CEO @Refocus AI. When not building AI, enjoys mountain biking and a good book.
On July 2nd, 2020, a shockwave rippled across the technology landscape, as a few newly minted millionaires took stock of their fortunes. Simultaneously, individuals in Silicon Valley and New York met in private for celebratory cocktails. Major publications across the world reported the event including Forbes, Reuters, and the Financial Times.
At 8am eastern standard time, Lemonade went public. Lemonade’s IPO represents the first time a new, tech-backed, venture-funded insurance carrier has become a publicly-traded company.
Lemonade’s success is a harbinger of good things to come for other insurance technology (insurtech) companies.
Lemonade’s success in going public is significant to insurtech startups:
- It shows the allure of insurtech for investors.
- While personal-lines insurtech, like Lemonade, have received the lion’s share of private investment, this will soon change.
For more information on why insurtech matters and what it is, see this earlier article.
Behind all successful startups stand early-stage venture firms and angel investors, which provided critical early funding that allows them to get off the ground.
It’s these early-stage investors that decide which ideas are most viable, and by providing early investment give funded startups a fighting chance. With Lemonade’s successful exit, the coffers of insurtech investors have been replenished and the viability of insurtech as a venture backable category has more credence. As investing in insurtech startups as a thesis is relatively new, Lemonade’s IPO will also attract new investors to the space, buoying insurance startups looking for funding.
Year-over-year, private investment in insurtech has exploded. It is expected though that insurtech investment will decline along with tech investment as a whole in 2020 because of COVID-19, but will be one of the first to bounce back.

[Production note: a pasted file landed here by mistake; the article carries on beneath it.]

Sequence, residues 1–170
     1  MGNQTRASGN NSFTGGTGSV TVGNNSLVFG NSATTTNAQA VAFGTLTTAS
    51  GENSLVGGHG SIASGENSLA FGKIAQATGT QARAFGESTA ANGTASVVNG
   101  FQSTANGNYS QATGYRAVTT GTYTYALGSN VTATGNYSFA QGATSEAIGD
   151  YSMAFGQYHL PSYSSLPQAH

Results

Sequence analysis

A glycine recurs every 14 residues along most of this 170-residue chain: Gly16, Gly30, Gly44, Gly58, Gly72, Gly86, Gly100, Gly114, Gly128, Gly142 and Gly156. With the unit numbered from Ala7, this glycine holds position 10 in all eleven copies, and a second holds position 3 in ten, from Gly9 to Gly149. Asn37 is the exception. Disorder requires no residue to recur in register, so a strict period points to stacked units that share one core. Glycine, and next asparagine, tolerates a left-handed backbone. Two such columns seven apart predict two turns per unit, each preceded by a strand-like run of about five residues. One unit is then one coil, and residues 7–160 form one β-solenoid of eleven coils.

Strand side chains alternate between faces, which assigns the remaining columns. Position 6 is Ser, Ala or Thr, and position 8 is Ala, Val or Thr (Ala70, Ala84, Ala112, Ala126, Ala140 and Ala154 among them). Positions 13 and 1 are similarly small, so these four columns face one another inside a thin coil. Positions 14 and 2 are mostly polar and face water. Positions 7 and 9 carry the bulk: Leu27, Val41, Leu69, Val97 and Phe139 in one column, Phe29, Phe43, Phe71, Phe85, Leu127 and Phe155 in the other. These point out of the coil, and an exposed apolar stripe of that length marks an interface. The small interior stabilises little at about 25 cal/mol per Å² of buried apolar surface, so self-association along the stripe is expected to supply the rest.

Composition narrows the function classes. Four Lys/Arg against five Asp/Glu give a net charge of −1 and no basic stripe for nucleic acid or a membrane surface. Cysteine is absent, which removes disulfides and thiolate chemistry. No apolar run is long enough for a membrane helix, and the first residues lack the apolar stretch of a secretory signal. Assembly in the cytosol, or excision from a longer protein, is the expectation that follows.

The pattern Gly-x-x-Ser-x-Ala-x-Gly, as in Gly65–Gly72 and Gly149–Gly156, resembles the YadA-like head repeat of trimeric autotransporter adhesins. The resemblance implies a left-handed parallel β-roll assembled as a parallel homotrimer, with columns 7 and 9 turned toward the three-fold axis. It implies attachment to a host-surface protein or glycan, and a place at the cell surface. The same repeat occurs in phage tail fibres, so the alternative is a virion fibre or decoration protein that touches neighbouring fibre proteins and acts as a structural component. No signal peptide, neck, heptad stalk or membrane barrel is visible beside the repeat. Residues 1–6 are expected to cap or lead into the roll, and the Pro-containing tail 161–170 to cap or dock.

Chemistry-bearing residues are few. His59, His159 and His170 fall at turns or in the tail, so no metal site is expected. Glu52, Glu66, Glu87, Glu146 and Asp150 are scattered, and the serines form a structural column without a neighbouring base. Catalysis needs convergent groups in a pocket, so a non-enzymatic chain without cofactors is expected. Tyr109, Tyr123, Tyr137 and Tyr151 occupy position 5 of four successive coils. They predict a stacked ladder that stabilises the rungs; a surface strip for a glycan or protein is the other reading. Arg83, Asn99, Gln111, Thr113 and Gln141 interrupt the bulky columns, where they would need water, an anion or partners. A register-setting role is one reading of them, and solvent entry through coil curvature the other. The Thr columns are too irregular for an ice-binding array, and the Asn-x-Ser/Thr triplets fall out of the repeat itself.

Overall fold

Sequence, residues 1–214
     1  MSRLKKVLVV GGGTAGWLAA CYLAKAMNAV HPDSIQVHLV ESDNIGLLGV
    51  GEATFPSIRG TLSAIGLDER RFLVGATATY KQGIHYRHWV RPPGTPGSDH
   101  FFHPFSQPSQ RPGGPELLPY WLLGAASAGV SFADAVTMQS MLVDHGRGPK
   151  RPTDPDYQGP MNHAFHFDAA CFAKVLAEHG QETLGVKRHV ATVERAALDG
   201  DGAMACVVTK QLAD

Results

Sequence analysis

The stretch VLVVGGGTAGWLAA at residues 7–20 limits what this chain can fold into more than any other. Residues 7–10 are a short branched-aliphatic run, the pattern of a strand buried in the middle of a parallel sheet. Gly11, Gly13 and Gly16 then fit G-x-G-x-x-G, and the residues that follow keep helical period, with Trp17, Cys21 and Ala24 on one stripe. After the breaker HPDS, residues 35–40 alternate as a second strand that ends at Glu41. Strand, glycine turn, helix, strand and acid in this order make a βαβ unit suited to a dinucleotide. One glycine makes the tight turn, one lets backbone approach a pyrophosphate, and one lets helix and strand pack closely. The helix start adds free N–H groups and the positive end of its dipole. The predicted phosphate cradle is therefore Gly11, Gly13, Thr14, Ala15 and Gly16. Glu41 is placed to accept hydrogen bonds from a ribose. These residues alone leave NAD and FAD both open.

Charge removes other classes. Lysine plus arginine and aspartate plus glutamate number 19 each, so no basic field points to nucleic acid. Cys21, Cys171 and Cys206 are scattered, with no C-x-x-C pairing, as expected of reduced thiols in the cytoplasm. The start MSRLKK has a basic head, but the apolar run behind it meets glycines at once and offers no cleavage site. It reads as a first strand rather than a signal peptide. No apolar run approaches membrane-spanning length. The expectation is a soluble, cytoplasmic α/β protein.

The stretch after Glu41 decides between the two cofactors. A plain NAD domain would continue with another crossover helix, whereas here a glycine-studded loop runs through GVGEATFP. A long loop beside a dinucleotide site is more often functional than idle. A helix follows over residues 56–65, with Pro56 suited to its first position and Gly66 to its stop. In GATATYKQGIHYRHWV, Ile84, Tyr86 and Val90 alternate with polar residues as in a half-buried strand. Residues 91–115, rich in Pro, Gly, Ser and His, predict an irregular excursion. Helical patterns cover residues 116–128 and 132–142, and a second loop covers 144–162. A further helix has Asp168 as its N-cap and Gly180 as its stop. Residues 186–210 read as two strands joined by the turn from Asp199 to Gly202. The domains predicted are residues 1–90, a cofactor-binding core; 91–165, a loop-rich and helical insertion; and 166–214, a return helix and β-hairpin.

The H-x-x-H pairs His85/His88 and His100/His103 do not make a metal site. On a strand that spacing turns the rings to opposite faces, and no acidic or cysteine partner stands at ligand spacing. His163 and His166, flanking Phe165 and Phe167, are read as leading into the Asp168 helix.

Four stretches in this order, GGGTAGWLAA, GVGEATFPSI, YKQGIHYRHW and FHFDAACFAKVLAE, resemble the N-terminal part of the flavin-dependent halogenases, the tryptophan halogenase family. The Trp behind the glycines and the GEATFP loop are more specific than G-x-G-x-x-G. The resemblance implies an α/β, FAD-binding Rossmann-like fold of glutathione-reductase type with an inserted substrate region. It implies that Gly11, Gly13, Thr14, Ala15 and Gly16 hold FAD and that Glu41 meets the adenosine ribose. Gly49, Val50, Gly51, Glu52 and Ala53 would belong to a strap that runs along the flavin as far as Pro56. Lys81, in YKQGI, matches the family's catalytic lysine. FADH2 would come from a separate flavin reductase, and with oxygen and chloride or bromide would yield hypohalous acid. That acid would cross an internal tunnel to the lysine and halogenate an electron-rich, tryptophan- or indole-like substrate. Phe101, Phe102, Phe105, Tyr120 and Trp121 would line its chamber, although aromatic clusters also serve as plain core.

Insurance is broken into two major areas: personal and commercial lines. To date, ~80% of private investment has gone to the personal-lines side of the business.
The reason for this is that disrupting prior insurance sales models by building direct-to-consumer insurance products allowed for quick growth. The early success of Lemonade, and Hippo, another insurtech startup, which plans to file for IPO in 2021, has created a gold rush for new personal-lines focused insurtech startups seeking to capitalize on the opportunity.
Existing insurance companies, facing this disruption, have begun getting more tech savvy, building out their own direct-to-consumer companies. Exemplifying this is Toggle, a wholly owned subsidiary of Farmers Insurance going head-to-head with Lemonade for the renters market.
As the established insurance industry has become more innovative, opportunities for insurtech startups in the commercial lines space have increased. The driving force for commercial lines focused insurtechs is that commercial lines bring in almost as much revenue as personal-lines.
As an investment opportunity, insurtech startups in the commercial space hold more promise over their personal-lines brethren.
Not only is there less competition because the space is more nascent, but the need for innovation in commercial insurance is also greater. This TechCrunch article “Commercial insurtech is like an exclusive club — and Google and Amazon aren’t invited” does an excellent job at explaining why innovation in commercial insurance will create the next startup unicorns.
While few investors expect insurtech to weather the current instability unscathed, existing insurance companies have warmed up to sharing their data and internal business processes with commercial insurtech startups to achieve increased efficiency and revenue. Investors should take notice of this, otherwise they risk missing the next big opportunity: commercial insurtech.